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The FRCR (Fellow of the Royal College of Radiologists) examination is set by the Royal College of Radiologists (RCR) in the UK. The RCR is the professional body for clinical radiology and clinical oncology.
This article and the subsequent included links are related to the FRCR examination in clinical radiology.
The FRCR examination consists of three parts:
First FRCR: physics and anatomy
Final FRCR Part A: two papers, each containing 120 single best answer questions
Final FRCR Part B: long cases, rapid-reporting and viva examinations
Colloquially First FRCR is known as part 1, Final FRCR Part A is known as part 2A, and Final FRCR Part B is known as part 2B.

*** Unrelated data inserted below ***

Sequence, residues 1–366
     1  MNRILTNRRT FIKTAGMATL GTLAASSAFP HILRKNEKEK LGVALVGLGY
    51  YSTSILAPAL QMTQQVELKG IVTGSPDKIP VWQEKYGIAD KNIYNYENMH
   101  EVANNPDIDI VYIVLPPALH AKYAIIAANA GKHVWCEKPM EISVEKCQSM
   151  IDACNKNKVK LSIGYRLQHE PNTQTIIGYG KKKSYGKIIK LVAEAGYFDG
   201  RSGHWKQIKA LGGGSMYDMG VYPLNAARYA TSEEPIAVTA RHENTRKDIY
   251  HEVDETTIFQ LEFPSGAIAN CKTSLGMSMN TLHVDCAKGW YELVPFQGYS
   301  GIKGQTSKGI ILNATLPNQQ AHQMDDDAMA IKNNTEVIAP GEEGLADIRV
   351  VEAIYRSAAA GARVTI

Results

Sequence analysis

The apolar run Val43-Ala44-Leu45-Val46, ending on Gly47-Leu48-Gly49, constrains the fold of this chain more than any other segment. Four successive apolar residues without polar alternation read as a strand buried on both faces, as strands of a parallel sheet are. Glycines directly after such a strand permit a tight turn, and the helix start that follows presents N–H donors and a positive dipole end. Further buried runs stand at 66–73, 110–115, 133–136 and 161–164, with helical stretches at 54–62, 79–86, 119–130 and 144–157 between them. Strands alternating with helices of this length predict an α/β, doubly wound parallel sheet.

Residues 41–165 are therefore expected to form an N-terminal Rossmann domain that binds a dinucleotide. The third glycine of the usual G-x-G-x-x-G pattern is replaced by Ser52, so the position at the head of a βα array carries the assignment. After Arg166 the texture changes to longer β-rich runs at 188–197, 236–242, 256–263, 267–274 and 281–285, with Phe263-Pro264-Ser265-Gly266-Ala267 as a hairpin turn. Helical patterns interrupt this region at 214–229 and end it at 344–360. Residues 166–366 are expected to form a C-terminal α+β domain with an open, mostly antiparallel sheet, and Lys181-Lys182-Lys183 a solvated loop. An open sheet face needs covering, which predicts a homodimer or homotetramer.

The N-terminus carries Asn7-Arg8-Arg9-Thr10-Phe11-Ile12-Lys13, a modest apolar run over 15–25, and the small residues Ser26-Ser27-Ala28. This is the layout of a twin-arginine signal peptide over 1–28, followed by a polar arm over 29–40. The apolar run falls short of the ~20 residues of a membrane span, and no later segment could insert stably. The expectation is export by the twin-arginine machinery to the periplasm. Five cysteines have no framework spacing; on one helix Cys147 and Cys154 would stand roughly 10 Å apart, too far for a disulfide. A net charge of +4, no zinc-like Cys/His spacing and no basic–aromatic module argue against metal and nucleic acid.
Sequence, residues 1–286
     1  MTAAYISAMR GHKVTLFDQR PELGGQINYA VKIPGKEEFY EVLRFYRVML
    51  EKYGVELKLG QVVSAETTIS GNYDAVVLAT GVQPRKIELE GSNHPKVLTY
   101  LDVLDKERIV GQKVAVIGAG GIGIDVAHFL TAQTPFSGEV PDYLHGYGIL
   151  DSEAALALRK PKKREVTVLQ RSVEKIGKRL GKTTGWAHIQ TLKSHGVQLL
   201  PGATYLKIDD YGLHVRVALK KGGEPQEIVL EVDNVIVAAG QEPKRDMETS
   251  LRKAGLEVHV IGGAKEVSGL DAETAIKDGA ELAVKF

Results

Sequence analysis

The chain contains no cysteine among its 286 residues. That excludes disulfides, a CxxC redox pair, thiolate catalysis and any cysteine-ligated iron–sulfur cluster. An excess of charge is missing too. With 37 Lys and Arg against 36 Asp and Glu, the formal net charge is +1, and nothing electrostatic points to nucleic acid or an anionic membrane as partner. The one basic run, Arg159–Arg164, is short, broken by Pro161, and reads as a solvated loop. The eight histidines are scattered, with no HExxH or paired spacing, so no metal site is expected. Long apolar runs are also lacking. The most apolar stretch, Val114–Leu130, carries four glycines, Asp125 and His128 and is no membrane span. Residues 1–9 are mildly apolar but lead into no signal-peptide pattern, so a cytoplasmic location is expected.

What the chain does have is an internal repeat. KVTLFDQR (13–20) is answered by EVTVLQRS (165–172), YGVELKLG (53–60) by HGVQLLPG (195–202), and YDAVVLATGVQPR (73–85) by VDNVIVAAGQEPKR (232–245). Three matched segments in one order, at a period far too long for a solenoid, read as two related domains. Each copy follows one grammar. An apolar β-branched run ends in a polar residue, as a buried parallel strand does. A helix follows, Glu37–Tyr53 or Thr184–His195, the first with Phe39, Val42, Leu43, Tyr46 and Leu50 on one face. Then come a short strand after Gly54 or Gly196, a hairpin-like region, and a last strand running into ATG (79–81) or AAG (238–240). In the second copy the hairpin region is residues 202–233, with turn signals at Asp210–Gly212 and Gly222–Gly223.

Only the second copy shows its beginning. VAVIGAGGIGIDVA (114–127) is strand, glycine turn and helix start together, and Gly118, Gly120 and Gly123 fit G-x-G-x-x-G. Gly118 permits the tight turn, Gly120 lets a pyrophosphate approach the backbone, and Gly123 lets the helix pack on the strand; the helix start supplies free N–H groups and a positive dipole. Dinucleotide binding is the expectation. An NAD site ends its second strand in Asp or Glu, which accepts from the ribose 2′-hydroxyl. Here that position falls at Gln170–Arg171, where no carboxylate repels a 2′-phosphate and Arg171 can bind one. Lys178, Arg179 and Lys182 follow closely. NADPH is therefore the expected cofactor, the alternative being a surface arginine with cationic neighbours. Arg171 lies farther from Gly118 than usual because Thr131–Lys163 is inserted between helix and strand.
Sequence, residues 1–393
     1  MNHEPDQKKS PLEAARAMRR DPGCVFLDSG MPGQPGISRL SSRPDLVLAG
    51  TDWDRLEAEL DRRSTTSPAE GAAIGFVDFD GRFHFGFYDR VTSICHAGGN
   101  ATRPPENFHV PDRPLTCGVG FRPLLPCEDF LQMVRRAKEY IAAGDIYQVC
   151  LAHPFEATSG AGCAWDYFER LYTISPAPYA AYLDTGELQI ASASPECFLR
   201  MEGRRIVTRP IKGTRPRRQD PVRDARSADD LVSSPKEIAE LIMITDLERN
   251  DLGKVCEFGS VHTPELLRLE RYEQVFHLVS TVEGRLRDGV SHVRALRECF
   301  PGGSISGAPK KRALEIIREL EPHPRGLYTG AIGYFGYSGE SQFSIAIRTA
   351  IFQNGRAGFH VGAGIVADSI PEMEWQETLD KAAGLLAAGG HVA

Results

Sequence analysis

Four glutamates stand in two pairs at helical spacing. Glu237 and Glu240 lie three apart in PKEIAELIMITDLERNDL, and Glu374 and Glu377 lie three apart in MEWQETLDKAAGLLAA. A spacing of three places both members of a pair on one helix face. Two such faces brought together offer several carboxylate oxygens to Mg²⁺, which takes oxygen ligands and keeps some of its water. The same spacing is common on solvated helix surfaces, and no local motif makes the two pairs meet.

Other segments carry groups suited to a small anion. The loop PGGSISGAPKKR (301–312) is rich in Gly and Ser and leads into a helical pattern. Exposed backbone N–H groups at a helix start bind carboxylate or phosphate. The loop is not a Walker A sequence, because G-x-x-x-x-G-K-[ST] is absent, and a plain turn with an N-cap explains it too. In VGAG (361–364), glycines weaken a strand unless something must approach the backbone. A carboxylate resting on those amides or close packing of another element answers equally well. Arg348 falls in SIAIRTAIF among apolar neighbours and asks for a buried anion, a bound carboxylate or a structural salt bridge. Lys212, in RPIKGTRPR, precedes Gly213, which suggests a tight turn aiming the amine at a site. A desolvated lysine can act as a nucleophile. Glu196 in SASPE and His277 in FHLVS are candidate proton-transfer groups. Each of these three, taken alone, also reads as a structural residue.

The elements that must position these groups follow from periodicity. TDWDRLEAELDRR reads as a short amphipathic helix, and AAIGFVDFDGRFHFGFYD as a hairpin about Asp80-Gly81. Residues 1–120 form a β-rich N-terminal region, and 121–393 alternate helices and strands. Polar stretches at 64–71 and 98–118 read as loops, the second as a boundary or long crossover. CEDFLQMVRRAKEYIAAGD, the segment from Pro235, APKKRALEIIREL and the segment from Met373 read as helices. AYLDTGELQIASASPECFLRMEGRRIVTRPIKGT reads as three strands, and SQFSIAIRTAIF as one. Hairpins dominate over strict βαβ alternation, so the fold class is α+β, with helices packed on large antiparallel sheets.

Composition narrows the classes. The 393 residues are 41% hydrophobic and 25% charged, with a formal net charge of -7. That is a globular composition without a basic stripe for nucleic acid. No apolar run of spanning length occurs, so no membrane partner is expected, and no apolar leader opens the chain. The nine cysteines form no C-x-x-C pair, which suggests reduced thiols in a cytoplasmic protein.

Success in all three parts of the FRCR examination, leads to the award of the Fellowship of the Royal College of Radiologists, and entitles the use of the post-nominal letters FRCR.
In the United Kingdom, a specialist needs to hold FRCR (or recognized equivalent qualification) to be on the General Medical Council (GMC) specialty register for clinical radiology, which enables a doctor to work as a consultant radiologist in the UK.
Before the introduction of the FRCR exam, radiologists in the UK studied for the DMRD (Diploma in Medical Radiodiagnosis).